- Weedguru Higher
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Gamma-hydroxy-butyrate or GHB, as it is known on the street, is a clear liquid (it is also available in powder form, but rarely seen). The substance itself is colorless, odorless and nearly tasteless. While GHB is found naturally in the brain and other tissues in very small quantities, synthetic GHB is manufactured from its precursor, gamma-butyrolactone (also known as GBL), which is a solvent, found in floor cleaning products, nail polish and super glue removers.
Developed in 1961 by renowned French researcher Dr. Henri Laborit, GHB was originally developed as an anesthetic, but was soon withdrawn due to unwanted side effects. In the United States GHB was readily available in the 1980's in health food stores. It gained popularity through its use by body builders who thought the drug would increase their body mass and was used much like steroids are used. In 1990 the Federal Drug Administration labeled GHB a "dangerous drug," but did not make it a controlled substance, subject to regulation under the federal Controlled Substance Act.
In the mid to late 1990s GHB acquired a reputation as a date-rape drug and is now in the process of being added to the DEA's list of Schedule I drugs. Most states though, have restrictions on its use and sale. The FDA has revoked its federal approval and has declared it available in the United States only as an investigational new drug for specified purposes (usually scientific study). GBL, though, is still available over-the-counter.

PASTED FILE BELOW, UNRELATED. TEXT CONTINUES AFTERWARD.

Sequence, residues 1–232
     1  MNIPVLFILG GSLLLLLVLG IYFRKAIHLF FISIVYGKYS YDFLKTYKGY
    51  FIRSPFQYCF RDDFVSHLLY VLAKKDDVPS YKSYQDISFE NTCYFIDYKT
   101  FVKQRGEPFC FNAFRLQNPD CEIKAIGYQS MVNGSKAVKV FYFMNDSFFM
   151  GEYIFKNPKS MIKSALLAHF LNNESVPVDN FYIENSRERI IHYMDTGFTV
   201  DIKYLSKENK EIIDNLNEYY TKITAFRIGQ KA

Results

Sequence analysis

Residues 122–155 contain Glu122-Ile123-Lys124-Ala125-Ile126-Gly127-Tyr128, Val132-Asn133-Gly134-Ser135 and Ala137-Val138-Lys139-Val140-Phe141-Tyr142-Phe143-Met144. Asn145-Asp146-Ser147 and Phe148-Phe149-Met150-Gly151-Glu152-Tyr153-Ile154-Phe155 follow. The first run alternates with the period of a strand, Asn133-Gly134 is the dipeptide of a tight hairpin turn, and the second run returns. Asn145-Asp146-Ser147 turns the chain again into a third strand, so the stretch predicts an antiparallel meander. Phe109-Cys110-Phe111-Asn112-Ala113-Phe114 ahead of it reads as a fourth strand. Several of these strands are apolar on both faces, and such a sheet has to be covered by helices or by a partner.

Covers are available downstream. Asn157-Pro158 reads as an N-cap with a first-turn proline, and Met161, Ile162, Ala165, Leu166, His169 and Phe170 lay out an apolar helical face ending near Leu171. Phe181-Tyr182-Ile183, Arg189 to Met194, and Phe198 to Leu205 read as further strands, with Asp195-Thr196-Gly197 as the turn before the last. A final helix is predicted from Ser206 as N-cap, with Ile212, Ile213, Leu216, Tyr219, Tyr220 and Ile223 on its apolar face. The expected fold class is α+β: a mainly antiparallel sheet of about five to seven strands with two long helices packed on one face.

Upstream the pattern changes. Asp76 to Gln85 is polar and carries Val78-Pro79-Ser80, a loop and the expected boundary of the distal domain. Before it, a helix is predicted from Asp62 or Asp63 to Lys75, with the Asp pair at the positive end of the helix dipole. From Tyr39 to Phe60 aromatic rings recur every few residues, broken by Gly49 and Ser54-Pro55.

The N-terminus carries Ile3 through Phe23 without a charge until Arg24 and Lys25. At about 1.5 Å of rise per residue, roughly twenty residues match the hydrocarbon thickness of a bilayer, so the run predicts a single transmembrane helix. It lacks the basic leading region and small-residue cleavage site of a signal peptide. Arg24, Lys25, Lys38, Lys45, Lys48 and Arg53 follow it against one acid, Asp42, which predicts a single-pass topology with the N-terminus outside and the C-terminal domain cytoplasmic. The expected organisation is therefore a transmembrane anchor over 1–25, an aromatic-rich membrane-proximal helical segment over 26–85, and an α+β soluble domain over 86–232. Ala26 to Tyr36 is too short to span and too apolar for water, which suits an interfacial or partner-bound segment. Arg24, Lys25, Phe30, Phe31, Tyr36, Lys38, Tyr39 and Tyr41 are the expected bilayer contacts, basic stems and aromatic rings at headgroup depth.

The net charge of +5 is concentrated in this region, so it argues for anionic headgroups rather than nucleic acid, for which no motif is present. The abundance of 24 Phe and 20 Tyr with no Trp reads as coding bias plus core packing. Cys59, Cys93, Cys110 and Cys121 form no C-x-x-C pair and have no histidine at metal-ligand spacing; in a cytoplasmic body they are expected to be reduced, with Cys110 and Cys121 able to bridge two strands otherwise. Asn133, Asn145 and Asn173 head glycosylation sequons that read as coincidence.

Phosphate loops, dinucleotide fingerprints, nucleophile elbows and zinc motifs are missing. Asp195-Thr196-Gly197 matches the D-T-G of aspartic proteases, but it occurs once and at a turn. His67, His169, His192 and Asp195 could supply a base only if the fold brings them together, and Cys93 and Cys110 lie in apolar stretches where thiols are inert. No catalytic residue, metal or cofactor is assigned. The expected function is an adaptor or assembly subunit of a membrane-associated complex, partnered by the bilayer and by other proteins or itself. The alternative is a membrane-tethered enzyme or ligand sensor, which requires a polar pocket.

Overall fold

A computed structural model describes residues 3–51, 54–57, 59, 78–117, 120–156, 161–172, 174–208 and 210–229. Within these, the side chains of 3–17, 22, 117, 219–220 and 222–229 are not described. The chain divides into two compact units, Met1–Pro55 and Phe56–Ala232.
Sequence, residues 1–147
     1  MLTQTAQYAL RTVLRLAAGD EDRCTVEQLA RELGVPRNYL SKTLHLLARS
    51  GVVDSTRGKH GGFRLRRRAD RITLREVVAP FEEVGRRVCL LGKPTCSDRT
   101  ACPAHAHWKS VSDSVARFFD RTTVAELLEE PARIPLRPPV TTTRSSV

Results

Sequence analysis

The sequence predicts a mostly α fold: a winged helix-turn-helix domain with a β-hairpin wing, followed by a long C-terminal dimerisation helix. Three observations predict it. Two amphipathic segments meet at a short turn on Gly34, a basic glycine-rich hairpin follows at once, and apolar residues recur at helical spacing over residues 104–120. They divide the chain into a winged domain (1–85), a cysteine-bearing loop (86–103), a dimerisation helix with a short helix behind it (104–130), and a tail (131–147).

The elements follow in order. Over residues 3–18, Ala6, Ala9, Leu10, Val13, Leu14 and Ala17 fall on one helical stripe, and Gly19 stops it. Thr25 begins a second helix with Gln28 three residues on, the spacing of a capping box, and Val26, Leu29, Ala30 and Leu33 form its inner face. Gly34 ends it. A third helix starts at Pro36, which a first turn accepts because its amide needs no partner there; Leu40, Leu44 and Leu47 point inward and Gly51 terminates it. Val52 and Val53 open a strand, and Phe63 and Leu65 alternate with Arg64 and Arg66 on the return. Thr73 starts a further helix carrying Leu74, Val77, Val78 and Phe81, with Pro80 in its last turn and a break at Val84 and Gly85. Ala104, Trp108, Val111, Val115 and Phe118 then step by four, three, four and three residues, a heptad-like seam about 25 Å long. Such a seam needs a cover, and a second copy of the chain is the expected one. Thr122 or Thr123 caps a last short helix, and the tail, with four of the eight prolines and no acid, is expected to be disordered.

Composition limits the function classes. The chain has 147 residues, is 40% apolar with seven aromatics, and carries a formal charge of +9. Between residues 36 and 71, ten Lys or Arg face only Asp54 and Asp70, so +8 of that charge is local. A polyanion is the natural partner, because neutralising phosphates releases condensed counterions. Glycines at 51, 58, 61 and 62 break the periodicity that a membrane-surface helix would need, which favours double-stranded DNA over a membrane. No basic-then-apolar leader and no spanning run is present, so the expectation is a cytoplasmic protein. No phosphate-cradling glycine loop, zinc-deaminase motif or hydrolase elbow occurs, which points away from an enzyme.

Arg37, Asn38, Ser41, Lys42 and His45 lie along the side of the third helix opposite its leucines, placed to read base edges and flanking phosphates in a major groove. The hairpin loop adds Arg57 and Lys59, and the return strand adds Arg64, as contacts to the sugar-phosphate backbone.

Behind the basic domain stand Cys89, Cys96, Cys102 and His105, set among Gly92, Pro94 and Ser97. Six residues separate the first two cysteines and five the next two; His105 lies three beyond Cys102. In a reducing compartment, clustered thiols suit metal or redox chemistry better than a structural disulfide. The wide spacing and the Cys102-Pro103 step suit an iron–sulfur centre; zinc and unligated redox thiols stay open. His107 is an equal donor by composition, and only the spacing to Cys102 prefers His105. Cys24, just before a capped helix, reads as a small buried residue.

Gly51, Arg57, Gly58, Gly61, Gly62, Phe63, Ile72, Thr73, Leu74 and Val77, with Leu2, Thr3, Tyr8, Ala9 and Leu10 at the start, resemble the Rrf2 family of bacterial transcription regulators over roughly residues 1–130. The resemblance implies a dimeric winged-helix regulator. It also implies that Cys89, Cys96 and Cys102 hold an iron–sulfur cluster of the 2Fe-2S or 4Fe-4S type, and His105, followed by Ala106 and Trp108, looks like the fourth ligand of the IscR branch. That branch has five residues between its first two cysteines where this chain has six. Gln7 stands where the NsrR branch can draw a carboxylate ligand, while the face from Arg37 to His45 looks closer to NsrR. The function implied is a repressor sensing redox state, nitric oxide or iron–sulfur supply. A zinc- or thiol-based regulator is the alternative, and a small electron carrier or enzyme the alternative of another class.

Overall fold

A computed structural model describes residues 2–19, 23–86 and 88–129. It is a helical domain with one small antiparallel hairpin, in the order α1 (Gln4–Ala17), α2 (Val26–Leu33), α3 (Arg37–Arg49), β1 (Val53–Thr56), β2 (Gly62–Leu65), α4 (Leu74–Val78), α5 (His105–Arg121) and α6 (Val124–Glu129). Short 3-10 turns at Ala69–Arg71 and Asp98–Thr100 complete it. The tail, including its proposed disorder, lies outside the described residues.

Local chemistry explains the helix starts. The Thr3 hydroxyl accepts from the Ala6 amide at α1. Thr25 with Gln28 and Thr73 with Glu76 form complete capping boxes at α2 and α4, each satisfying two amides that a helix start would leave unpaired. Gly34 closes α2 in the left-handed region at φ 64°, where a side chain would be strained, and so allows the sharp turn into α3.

Dosages range from one gram or less, which is considered a mild dose to upwards of five grams in a single dose. GHB is often sold on the street in small bottles, approximately the size of a hotel shampoo bottle. These bottles usually contain about ten doses and a dose is measured as one capful. The powdered form of GHB can also be sniffed.
GHB depresses the respiratory system and reduces the amount of oxygen the brain receives, resulting, with large doses, in unconsciousness and loss of memory. At small doses, GHB encourages a reduction of social inhibitions, similar to alcohol, and an increased libido. At higher doses, this euphoria gives way to feelings of sedation. Reported symptoms include vomiting, drowsiness, dizziness, vertigo, and seizures. After excessive use, some users have experienced loss of consciousness, irregular and depressed respiration, tremors or coma. A number of deaths have occurred from GHB overdoses.
Source: Morbidity and Mortality Weekly Report, 1990 November 30
Physical Dependence: Reported but unconfirmed
Psychological Dependence: Moderate
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